The Reserve Bank of India (RBI) has strongly advised commercial banks to desist from offering low “teaser” rates to new customers of housing loans. The practice, started by the State Bank of India, has now been adopted by several banks as a competitive environment does not leave any option for players but to follow suit once one major player takes the lead. Teaser rates enable a borrower to start off at a relatively lower interest rate, with the higher market-related rate kicking in after a couple of years or so. While this is an incentive with which customers can be attracted, the fact of the matter is that the effective rate of interest for home loans, which usually stretch for long periods, is not what a teaser rate offers but the reset rate which kicks in later. The danger from this is easy to see. Customers who cannot afford to borrow at the longer term higher rate are nevertheless induced to take on a long-term commitment, only to rue their fate later. This can only affect the quality of a bank’s loan portfolio and this is what RBI is worried about.
Teaser rates are doubtful in themselves, but the experience of the recent global financial crisis makes them more so. The US’ sub-prime crisis, where defaults by large number of home mortgage owners led to the collapse of the housing bubble which in turn led to the overall financial crisis, was essentially a matter of those who could not afford to service a loan of a particular order for its entire life being lent funds. And this was facilitated by the offer of teaser rates which were to be reset at a not-too-late a date, a provision that was a part of the fine print which many borrowers initially ignored. With antecedents of this nature, teaser rates should not have been allowed in the first place. It is not clear why the regulator should have allowed this to happen even while sounding warnings that it is not a good thing. The banks’ response, particularly that of SBI, is that it was awash with liquidity at the particular period when the practice was initiated and the stratagem has served its purpose. But this still leaves open the issue of quality of assets which will not be known unless the higher reset rates kick in.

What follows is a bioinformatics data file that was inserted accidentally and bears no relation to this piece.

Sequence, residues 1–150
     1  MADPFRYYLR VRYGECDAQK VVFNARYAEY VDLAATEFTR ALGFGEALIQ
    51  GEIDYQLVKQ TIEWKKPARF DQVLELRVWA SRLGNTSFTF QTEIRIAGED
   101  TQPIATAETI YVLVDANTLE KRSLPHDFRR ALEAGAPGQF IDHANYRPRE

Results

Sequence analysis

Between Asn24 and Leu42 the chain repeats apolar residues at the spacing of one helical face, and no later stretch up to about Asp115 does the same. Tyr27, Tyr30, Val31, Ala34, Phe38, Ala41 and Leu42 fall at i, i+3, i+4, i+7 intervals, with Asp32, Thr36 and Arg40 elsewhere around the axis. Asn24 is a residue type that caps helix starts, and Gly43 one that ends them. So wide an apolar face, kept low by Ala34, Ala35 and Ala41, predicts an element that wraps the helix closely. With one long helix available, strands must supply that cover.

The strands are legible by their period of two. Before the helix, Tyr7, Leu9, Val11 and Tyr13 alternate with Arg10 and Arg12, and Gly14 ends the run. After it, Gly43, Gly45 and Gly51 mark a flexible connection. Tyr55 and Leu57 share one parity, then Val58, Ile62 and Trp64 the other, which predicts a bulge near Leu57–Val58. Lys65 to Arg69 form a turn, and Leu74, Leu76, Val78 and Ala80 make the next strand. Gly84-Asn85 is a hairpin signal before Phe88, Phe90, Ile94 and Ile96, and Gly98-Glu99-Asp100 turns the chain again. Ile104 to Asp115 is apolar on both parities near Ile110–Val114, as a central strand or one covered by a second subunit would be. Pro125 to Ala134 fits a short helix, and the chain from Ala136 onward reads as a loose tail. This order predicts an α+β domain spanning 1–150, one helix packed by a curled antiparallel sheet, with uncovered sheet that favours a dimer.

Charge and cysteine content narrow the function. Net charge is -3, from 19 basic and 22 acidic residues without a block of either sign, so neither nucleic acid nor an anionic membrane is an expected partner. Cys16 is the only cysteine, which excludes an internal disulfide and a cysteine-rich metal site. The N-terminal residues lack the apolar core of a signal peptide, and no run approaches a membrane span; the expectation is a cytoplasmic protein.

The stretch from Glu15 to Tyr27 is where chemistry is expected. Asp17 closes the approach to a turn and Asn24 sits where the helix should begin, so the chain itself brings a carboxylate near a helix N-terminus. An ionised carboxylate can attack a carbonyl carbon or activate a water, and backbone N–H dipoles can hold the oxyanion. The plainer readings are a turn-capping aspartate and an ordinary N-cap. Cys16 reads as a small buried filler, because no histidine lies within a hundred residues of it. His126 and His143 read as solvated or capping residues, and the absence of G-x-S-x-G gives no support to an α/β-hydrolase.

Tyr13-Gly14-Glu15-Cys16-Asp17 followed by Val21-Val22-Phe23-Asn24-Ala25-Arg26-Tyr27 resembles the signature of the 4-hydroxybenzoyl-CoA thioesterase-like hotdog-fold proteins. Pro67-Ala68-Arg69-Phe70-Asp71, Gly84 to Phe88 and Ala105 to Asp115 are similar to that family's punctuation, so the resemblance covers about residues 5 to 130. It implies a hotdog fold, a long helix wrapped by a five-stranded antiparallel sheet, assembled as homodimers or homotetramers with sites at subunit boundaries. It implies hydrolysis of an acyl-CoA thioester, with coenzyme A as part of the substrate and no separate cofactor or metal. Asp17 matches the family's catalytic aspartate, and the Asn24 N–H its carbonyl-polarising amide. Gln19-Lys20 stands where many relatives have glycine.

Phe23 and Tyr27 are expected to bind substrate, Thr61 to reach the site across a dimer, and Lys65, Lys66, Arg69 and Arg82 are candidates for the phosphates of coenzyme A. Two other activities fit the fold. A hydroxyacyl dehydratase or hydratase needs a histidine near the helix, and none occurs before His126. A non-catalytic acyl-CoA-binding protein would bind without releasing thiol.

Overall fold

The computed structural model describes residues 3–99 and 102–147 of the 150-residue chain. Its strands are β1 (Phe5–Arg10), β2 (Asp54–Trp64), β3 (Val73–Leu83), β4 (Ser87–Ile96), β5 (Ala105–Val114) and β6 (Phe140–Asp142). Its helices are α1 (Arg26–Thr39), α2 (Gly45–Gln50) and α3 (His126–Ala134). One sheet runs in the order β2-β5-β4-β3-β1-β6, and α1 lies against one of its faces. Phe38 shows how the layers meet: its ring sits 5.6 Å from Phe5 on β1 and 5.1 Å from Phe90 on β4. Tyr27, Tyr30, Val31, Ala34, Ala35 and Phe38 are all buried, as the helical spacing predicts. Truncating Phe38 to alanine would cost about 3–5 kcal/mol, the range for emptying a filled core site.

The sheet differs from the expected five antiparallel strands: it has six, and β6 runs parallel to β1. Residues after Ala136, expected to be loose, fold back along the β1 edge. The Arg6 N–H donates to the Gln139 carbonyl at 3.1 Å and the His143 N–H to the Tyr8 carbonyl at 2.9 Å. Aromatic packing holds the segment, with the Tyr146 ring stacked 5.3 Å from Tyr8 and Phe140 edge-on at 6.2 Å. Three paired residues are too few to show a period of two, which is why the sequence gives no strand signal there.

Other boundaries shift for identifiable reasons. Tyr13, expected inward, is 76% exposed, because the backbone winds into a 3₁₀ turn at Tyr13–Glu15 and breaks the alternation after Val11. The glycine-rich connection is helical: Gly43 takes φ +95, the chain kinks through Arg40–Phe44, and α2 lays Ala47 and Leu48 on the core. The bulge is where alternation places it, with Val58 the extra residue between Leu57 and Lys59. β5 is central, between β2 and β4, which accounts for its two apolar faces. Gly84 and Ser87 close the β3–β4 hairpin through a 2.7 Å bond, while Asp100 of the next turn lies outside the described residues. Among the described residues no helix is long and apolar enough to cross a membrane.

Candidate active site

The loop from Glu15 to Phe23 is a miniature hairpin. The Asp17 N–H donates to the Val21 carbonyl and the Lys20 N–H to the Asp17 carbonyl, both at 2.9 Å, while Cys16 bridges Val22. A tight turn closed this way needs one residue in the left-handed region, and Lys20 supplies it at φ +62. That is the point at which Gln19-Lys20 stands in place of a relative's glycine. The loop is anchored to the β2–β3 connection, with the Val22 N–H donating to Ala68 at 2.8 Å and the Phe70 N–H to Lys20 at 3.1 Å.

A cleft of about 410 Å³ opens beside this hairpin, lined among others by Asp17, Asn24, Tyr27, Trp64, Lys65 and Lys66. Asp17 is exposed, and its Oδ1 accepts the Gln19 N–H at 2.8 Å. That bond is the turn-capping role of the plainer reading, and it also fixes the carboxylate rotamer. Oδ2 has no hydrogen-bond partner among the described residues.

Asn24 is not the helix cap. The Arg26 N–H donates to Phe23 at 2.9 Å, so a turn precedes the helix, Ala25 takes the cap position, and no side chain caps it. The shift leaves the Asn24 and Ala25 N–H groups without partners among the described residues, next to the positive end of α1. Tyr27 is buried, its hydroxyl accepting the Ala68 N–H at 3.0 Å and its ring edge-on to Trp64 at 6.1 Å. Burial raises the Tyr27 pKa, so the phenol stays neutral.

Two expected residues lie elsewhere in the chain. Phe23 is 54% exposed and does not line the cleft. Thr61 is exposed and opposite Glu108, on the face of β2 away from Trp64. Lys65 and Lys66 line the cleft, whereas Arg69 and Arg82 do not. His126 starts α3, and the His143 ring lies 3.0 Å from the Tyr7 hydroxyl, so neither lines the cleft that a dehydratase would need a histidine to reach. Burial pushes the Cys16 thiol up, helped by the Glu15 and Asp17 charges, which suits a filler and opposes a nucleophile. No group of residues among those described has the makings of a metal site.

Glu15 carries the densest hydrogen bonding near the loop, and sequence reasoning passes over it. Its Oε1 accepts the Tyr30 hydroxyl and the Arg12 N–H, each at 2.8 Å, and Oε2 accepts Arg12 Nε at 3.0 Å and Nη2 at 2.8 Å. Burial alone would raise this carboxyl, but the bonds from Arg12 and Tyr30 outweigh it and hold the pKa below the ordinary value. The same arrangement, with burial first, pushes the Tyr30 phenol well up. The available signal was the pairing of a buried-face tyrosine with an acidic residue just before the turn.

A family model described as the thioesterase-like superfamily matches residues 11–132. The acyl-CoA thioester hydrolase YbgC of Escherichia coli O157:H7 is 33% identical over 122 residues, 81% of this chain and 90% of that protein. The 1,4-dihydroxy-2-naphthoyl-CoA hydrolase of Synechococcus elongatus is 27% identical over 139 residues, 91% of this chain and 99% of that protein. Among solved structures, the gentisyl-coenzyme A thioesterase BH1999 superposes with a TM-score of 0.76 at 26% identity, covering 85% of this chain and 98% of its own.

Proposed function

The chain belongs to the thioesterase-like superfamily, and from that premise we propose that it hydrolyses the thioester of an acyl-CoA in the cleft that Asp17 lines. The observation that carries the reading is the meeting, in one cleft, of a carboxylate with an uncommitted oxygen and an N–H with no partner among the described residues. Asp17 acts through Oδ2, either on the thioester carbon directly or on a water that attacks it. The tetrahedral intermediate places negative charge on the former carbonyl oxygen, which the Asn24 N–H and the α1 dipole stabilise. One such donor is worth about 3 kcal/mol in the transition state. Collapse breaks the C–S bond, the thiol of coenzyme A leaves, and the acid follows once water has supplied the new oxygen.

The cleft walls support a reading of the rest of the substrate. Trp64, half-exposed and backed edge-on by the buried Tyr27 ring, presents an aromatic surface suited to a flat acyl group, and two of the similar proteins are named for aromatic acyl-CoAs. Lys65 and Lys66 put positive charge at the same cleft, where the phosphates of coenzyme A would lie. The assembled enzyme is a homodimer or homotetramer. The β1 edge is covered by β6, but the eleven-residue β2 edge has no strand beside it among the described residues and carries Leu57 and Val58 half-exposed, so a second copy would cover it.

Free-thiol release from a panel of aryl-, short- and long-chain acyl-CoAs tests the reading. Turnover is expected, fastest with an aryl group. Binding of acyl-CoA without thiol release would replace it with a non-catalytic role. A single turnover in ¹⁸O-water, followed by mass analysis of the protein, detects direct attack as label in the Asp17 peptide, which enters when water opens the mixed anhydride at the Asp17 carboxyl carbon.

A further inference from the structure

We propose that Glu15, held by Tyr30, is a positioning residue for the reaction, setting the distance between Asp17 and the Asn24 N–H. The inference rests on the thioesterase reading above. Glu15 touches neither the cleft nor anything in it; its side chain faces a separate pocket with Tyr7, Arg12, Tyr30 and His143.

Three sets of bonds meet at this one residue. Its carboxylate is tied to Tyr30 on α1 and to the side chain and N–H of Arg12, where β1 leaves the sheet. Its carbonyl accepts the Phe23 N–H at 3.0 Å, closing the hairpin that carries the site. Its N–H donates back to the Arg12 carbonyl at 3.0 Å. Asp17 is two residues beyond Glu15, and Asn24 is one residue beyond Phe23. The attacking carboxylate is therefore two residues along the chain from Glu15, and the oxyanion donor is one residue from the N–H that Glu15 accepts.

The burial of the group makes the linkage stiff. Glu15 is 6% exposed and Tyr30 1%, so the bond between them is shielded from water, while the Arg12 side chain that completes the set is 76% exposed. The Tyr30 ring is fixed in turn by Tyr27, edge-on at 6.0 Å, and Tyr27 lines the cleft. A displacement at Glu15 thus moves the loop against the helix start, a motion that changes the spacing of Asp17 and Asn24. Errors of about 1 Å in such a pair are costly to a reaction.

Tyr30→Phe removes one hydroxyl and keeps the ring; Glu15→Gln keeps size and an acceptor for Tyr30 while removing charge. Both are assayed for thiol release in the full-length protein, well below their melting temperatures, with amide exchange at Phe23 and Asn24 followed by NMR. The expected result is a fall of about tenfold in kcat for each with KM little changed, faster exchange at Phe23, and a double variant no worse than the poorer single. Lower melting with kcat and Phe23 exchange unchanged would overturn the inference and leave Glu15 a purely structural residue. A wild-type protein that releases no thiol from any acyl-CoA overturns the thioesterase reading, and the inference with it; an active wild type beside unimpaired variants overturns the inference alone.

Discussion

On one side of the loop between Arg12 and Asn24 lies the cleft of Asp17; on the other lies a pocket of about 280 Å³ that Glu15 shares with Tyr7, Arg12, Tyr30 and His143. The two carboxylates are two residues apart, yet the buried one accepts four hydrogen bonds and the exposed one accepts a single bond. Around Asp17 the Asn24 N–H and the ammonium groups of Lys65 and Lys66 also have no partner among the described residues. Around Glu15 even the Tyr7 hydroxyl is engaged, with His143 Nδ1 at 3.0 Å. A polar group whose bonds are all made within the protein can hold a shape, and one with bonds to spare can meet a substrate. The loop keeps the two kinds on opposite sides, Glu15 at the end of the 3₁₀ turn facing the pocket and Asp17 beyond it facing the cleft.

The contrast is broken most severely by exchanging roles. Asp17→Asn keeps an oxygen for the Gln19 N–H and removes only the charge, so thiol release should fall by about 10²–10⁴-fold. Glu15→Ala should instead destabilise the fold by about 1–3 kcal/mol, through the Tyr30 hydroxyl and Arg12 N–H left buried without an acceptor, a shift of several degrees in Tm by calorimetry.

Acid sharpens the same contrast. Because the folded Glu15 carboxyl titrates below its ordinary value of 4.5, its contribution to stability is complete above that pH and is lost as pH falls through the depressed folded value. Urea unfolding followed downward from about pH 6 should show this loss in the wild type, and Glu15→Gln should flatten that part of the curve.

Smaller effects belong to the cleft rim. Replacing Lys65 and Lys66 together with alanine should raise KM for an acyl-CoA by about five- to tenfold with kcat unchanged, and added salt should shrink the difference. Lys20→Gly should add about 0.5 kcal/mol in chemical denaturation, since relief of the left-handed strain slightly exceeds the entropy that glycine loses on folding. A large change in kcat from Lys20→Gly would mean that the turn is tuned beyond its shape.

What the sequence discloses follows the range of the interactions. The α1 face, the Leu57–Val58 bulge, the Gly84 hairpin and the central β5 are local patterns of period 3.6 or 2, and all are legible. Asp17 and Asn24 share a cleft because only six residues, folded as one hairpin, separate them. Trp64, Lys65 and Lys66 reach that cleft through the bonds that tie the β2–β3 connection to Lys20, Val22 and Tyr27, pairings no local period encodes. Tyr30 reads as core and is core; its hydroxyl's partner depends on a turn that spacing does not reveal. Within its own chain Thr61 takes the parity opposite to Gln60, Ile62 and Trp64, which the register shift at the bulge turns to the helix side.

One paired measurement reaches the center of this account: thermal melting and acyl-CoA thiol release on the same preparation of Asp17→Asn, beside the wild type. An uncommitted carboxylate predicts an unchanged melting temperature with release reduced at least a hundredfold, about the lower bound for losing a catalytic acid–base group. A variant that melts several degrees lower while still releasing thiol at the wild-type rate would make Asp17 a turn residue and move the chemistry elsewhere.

The teaser rates have also raised another issue — existing borrowers who have been servicing their loans properly feel aggrieved at having to pay interest at rates higher than the teasers by over a hundred basis points and, naturally, do not like being discriminated against. The banks’ contention is that lowering existing customers’ borrowing rates simply to bring them at par with current teaser rates will create asset-liability mismatch. This may indeed be true and the best answer to the issue may be to end the practice of offering teaser rates and stop the perceived discrimination. It is all the more necessary to end the practice now as economic recovery is well on the way and the depressed housing market is beginning to see signs of stirring. Slack demand, which was the reality earlier, may well be on its way out. Thus, it is time to withdraw the stimulus, particularly because it is not a sound practice in the first place.